While some artists move toward the future, John Mellencamp seems to travel back in time — at least in terms of trumpeting his Middle American origins and blue-collar credo. It's a transformation that could scarcely have been imagined when glam rocker wannabe Johnny Cougar reinvented himself decades ago as journeyman troubadour John Mellencamp, taking his cue from Springsteen, Fogerty, and Guthrie. The full extent of that evolution is evidenced on the recent retrospective, On the Rural Route 9609, a four-disc compilation that chronicles his entire rootsy regimen.
Mellencamp's journey culminates with the release of No Better Than This, a new effort intended to serve as a bellwether for his archival fascination. Recorded in a variety of historic locales — the legendary Sun Studios in Memphis, a historic church in Atlanta, and the San Antonio hotel where blues man Robert Johnson produced his first recordings — it used a vintage Ampex tape recorder and a single old-fashioned microphone to re-create an authentic ambiance.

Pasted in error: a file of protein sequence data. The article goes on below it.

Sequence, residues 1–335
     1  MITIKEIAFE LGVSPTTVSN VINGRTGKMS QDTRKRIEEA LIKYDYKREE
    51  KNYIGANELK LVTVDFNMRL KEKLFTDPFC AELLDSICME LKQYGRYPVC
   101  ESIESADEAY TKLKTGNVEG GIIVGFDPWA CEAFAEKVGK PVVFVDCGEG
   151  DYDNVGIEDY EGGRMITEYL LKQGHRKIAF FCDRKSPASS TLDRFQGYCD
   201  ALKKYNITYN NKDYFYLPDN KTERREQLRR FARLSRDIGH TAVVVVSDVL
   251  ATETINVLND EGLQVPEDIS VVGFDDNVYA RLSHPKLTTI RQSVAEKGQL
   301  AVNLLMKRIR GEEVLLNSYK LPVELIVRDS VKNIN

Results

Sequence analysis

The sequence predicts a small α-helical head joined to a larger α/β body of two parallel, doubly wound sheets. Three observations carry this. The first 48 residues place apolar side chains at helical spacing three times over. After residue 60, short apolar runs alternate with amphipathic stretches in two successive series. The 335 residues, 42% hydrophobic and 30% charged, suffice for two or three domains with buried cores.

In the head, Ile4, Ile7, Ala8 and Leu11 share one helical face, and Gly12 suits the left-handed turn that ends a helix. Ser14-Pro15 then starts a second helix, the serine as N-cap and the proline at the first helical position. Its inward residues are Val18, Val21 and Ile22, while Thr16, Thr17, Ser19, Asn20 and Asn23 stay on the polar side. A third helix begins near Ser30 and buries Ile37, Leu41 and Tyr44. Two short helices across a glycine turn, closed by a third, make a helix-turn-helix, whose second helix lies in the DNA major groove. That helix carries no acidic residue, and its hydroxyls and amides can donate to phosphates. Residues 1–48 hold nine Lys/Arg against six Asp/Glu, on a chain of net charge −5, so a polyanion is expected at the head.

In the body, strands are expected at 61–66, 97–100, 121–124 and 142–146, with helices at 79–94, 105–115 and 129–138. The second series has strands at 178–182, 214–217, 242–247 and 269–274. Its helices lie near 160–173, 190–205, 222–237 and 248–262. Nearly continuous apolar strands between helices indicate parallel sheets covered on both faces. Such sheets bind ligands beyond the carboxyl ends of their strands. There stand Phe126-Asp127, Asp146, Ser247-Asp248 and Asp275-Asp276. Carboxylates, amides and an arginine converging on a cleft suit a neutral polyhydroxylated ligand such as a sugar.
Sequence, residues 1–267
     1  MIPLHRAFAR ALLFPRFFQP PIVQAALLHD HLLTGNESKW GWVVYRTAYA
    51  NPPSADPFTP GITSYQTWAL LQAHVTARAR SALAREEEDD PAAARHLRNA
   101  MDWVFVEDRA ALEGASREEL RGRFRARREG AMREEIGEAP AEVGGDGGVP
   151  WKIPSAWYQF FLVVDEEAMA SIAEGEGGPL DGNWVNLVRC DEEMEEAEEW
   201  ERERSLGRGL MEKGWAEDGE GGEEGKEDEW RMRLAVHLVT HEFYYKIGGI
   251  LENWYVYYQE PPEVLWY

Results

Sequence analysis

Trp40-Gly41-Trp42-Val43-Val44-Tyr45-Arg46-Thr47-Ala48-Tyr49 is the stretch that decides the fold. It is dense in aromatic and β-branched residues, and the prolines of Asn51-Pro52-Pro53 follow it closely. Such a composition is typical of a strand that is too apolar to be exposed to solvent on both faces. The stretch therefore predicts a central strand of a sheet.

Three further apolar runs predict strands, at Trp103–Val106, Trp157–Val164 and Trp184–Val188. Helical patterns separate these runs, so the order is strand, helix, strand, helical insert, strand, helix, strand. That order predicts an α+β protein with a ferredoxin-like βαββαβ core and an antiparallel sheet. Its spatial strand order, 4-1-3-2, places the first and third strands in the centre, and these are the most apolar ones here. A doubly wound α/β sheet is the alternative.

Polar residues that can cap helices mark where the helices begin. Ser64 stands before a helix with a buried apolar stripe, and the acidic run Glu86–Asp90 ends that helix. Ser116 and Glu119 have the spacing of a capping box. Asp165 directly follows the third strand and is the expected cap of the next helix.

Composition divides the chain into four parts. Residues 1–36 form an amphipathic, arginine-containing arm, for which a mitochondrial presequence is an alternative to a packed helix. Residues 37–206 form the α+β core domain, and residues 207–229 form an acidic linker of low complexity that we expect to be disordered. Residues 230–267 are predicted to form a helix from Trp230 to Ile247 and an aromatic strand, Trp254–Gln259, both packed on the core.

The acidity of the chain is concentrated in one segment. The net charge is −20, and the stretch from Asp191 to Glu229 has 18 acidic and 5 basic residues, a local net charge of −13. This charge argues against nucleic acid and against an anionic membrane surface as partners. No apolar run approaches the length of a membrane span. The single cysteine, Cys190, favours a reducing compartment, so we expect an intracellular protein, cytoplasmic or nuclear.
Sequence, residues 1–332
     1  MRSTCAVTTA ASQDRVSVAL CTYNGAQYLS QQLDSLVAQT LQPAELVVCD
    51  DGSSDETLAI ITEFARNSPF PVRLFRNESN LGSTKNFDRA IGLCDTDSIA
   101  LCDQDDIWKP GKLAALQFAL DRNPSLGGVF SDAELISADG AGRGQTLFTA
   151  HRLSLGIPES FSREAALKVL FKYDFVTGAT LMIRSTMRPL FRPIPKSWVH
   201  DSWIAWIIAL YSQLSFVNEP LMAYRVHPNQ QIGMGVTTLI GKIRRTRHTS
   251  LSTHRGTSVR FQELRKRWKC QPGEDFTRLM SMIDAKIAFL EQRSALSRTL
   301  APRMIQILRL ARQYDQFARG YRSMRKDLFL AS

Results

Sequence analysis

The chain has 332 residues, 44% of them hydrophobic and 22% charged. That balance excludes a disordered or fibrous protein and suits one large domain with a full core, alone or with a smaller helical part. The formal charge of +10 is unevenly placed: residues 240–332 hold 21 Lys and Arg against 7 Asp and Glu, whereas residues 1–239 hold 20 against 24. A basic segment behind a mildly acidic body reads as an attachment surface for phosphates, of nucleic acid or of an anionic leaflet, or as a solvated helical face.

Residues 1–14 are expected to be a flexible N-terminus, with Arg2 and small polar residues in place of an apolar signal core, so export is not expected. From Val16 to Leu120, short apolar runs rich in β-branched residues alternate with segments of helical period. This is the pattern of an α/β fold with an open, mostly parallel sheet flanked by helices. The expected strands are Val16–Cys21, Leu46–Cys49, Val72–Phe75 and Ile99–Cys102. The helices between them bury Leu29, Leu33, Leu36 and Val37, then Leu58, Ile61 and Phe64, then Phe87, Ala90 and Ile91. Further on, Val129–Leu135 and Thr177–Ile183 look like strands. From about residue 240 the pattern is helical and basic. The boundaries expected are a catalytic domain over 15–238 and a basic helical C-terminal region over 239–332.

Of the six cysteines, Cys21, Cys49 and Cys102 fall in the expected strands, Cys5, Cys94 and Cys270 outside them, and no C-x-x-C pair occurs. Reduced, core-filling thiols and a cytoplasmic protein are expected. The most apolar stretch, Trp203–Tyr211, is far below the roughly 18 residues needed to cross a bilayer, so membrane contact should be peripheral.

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Rave reviews and the coverage of his confrontations with the religious right — and earlier, the McCain campaign — over the unapproved appropriation of his songs keep him in the headlines. A feisty insurgent eager to tap tradition? In this case, a welcome contradiction.